53. How is a change in accounting principle reported?
    • Cumulative effect of change included in retained earnings statement as adjustment of beginning RE balance of earliest year presented.
    • Prior-period financial statements restated, if presented.
  54. What are the special changes in an accounting principle?
    How are special changes in accounting principle reported?
    • A change to LIFO from another method of inventory pricing under U.S. GAAP.
    • Any other change in which cumulative effect adjustment is considered impractical to calculate.
    • Change in depreciation method.
    • Special changes are reported prospectively (like change in estimate).
  55. Under IFRS, when an entity disclosing comparative financial information applies an accounting principle retoractively or makes a retrospective restatement of items in the financial statements, the entity must...
    • At minimum, present three balance sheets (end of current period, end of prior period, and beginning of prior period) and two of each other financial statements (current period and prior period).
    • Cumulative effect adjustment shown as adjustment of beginning RE on balance sheet for beginning of prior period.
    • Note: U.S. GAAP does not have three balance sheet requirement.
  56. How is a change in accounting estimate reported?
    • Prospectively. Effect shown in current and/or future periods affected by change. F/S not restated.
    • If change affects future periods, effect on income before extraordinary items, net income, and related per share information for current year should be disclosed in notes to F/S.
  57. List some events resulting in estimate changes.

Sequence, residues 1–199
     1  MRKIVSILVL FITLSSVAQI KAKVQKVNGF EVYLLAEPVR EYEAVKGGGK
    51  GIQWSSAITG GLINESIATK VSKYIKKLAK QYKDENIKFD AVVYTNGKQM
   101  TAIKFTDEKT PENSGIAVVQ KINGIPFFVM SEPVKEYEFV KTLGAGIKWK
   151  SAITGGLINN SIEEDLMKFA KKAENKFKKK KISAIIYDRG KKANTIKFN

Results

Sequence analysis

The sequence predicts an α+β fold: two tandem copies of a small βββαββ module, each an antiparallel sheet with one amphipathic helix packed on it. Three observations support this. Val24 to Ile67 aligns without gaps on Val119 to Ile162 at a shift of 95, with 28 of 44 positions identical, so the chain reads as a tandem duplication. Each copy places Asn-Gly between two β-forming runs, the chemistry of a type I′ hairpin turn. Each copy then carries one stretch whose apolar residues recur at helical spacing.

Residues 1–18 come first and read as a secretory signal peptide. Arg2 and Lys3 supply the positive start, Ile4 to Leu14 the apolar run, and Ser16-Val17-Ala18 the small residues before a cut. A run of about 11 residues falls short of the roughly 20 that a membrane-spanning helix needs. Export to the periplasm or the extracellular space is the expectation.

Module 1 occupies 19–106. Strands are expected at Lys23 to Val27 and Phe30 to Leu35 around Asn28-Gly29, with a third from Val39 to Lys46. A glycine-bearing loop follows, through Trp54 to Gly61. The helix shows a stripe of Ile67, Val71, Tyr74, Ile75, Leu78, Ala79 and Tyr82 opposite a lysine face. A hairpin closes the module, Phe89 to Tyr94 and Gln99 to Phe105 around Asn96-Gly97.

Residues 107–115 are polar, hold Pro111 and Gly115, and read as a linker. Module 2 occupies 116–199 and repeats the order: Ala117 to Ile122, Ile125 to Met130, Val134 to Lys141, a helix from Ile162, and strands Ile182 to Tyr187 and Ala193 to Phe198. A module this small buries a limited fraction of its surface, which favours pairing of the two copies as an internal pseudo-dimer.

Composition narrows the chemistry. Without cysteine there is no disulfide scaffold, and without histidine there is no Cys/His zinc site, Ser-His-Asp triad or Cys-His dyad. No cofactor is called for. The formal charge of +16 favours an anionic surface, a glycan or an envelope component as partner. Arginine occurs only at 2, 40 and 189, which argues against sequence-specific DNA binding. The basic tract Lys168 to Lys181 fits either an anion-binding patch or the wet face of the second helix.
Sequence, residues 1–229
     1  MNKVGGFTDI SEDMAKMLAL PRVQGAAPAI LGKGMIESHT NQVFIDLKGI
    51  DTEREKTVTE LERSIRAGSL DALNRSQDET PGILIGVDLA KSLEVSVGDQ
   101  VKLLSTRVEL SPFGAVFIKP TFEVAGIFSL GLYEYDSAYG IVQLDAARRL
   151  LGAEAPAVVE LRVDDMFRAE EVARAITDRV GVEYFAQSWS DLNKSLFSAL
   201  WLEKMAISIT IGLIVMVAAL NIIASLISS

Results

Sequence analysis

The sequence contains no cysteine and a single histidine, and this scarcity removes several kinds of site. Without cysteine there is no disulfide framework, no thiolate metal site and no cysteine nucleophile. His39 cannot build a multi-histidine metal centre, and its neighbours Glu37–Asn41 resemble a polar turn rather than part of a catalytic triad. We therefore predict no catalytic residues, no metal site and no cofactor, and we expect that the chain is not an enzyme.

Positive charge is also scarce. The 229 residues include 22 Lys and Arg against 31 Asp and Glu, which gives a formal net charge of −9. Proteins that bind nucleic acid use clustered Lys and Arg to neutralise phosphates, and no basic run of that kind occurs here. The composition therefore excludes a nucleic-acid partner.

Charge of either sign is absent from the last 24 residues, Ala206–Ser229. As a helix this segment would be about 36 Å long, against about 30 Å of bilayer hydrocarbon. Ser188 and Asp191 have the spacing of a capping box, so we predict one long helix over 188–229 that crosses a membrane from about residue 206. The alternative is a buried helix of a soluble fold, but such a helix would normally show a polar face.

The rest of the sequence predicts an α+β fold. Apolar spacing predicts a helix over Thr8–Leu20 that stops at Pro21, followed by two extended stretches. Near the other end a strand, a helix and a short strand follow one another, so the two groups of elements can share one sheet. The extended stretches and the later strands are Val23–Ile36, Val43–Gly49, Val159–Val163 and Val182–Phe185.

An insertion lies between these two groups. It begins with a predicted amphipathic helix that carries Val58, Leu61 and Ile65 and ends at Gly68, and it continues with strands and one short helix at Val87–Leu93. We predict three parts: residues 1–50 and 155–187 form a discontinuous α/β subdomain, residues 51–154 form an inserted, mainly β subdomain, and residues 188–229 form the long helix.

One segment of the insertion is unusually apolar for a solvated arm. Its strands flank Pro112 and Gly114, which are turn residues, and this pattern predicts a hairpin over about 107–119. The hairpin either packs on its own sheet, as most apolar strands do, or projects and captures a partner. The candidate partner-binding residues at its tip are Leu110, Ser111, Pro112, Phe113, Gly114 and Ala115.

• Change in useful life of assets.
    • Adjustments of year-end accrual of officers' salaries and/or bonuses.
    • Write-downs of obsolete inventory.
    • Material non-recurring IRS adjustments.
    • Settlement of litigation.
  58. What are changes in accounting entity? Under U.S. GAAP and IFRS, how is a change in the reporting entity reported?
    • When entity being reported on changes composition (i.e., consolidated financial statements presented in place of statements of individual companies).
    • Under U.S. GAAP, all current and prior period financial statements presented are restated (retrospective application).
    • IFRS does not include concept of change in accounting entity.
  59. What do error corrections include?
    • Corrections of errors in recognition, measurement, presentation, or disclosure in F/S resulting from mathematical mistakes, mistakes in application of GAAP/IFRS, or oversight/misuse of facts existing when F/S prepared.
    • Changes from non-GAAP/IFRS method of accounting to GAAP/IFRS method of accounting (e.g., cash basis to accrual basis).
  60. How are corrections of an error reported?
    • Reported as prior period adjustments to retained earnings.
    • All comparative financial statements presented restated (retrospective application).
  61. Under IFRS, what must an entity do if it is impracticable to determine the cumulative effect of an error? How is this different from U.S. GAAP?
    • Entity requred to restate information prospectively from earliest date practicable.
    • U.S. GAAP has no impracticality exemptions for error corrections.
  62. Define comprehensive income.
    Change in equity (net assets) that results from revenue, expenses, gains, and losses during a period, as well as any other recognized changes in equity that occur for reasons other than investments by owners and distributions to owners (non-owner transactions).
  63. Identify the contents of the first note to the financial statements.
    • Summary of significant accounting policies
    • Identify and describe (MACPP):
    • Measurement bases used in preparing the financial statements
    • Accounting principles and methods
    • Criteria
    • Policies
    • Pricing
  64. What do the remaining notes to the financial statements contain? Give some examples.
    All other information relevant to decision makers; used to disclose facts not presented in either body of the F/S or in "Summary of Significant Accounting Policies."

    • 1. Changes in stockholder's equity including capital stock, paid-in capital, retained earnings, treasury stock, stock dividends and other capital changes;
    • 2. Required marketable securities disclosure including carrying value and gross unrealized gains and losses;
    • 3. Contingency losses;